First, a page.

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Despite having some pretty good anti-spam software hardly a day goes by without at least one spam email reaching my in box offering me a part-time job which involves transferring money through my bank account on behalf of someone else.

I’m sure you get them too, and they are also popping up on the internet under various guises. If you agree to take part, the scammer could use your account details to clean out your savings but that could be the least of your worries.

How it works

There are lots of variations but in general these offers involve transferring money for someone you don’t know are nearly always a scam at best and “money laundering” at worst.

Money laundering is when somebody tries to “launder” money they have earned from a crime to make it look like it came from a legal source. They do this by putting the money through a series of bank accounts to hide its original (and usually illegal) source. It doesn’t matter to them that they lose out on some money by paying “agents” for the use of their accounts – at the end of the process they have clean money that they can pay into accounts under their own control without the source being traced back to the original crime. I say original because every transfer is itself a criminal act for which you could be jailed. If the authorities believe that the criminals are linked to terrorism then you might find yourself locked up without charge and most of your legal rights fly out the window.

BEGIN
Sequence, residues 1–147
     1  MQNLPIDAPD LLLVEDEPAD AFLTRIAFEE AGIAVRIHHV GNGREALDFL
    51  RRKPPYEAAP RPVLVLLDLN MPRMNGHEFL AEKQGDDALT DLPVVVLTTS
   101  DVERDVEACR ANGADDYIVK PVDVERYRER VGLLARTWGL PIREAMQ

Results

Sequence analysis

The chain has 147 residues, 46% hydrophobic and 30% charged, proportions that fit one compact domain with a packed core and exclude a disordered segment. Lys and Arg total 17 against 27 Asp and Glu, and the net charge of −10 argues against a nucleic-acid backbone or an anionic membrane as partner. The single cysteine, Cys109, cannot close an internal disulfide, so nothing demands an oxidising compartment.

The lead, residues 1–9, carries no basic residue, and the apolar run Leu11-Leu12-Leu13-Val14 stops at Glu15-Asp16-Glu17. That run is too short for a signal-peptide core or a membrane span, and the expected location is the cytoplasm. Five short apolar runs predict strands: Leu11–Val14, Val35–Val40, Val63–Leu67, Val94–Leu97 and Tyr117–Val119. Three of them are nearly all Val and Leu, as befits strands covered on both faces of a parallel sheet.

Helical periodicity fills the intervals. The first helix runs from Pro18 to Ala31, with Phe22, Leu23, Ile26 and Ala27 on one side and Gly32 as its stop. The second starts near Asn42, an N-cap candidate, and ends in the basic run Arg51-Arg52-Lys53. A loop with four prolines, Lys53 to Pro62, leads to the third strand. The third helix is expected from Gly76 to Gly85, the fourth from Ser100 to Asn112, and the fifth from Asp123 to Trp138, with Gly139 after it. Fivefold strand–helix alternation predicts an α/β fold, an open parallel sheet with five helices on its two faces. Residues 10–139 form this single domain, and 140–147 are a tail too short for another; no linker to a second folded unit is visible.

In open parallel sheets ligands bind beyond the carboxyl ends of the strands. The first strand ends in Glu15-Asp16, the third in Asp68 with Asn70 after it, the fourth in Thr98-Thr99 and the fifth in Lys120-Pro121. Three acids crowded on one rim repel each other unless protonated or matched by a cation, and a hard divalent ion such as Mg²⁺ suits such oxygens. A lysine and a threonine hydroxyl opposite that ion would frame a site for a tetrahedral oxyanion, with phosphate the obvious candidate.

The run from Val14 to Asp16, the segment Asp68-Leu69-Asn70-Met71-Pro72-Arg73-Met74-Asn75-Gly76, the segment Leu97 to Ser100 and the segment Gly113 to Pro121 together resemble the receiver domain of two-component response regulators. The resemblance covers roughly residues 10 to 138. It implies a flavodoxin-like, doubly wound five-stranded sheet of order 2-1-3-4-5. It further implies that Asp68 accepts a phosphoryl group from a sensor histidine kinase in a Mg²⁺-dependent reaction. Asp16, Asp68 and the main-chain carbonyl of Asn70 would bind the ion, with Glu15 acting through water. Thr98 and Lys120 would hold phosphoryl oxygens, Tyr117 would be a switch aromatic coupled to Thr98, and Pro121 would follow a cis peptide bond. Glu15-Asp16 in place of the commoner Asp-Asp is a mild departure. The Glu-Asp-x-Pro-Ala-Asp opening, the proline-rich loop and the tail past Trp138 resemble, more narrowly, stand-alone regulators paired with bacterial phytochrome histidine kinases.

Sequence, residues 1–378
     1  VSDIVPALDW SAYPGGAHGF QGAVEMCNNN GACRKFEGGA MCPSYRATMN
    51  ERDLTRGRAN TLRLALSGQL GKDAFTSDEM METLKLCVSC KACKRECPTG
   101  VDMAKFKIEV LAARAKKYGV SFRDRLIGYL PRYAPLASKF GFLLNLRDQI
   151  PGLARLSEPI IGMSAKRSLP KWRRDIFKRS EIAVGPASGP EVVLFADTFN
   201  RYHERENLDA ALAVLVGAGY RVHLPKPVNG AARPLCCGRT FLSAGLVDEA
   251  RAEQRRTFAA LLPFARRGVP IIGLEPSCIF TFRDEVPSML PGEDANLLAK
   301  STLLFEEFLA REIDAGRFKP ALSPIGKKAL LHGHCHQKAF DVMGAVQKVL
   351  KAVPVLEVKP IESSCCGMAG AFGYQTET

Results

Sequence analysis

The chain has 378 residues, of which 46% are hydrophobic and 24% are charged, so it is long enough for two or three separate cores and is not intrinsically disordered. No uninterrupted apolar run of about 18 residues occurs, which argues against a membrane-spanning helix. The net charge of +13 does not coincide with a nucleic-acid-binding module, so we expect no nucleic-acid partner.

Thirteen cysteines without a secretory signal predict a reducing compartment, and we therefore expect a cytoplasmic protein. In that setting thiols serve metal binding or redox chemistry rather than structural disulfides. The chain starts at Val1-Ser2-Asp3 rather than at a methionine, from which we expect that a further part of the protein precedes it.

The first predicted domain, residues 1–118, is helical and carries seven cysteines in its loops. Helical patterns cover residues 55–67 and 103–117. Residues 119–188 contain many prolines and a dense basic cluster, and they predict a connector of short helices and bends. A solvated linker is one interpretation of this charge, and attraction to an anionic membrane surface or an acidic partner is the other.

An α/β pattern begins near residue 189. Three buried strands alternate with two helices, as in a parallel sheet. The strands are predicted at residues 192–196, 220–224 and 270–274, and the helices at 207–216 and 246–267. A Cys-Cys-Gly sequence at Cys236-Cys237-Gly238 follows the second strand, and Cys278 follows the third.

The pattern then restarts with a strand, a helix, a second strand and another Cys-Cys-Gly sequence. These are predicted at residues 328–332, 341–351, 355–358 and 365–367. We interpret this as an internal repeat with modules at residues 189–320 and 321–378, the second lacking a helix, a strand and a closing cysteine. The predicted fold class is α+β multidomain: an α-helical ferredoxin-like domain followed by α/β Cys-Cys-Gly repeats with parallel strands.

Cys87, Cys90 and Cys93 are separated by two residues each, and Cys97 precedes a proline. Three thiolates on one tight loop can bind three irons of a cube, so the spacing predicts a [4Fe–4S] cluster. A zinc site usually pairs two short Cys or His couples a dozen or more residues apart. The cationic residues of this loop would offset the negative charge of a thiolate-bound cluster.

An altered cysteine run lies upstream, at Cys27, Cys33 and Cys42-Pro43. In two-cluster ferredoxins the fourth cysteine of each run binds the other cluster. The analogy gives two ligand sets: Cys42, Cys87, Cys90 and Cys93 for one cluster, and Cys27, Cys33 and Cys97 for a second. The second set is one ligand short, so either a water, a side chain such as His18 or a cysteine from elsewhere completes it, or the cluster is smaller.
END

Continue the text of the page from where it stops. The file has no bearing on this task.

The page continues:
What to look for

You receive an offer that involves you receiving and sending money electronically. The offer requests your account details so that money can be sent to your account. There is a promise of employment simply by using your bank account, perhaps as an ‘account manager’ or ‘transfer manager’.

The scammer will suggest that they need an account in your country so they can conduct their business (for example, trading shares). Alarm bells should be ringing. Don’t get involved!

How to protect yourself from money transfer scams

Ask yourself—why would anyone want to pay someone that they do not know to transfer so much money?

  • Never send money, or give credit card or online account details to anyone you do not know and trust. You might not think they can access your account – but they very well might!
  • Beware of products or schemes that claim to guarantee income or winnings.
  • Beware of job offers that require you to pay an upfront fee.
  • Remember there are no get-rich-quick schemes: the only people who make money are the scammers.

These offers are always scams. You should remember that transferring money for someone else could be money laundering. If you agree to help the scammer by letting them use your bank account you could be getting yourself in serious trouble.

However if, despite all the above you still think the offer may be genuine, make sure you seek the advice of an independent professional (lawyer, accountant or financial planner) before providing ANY personal details.

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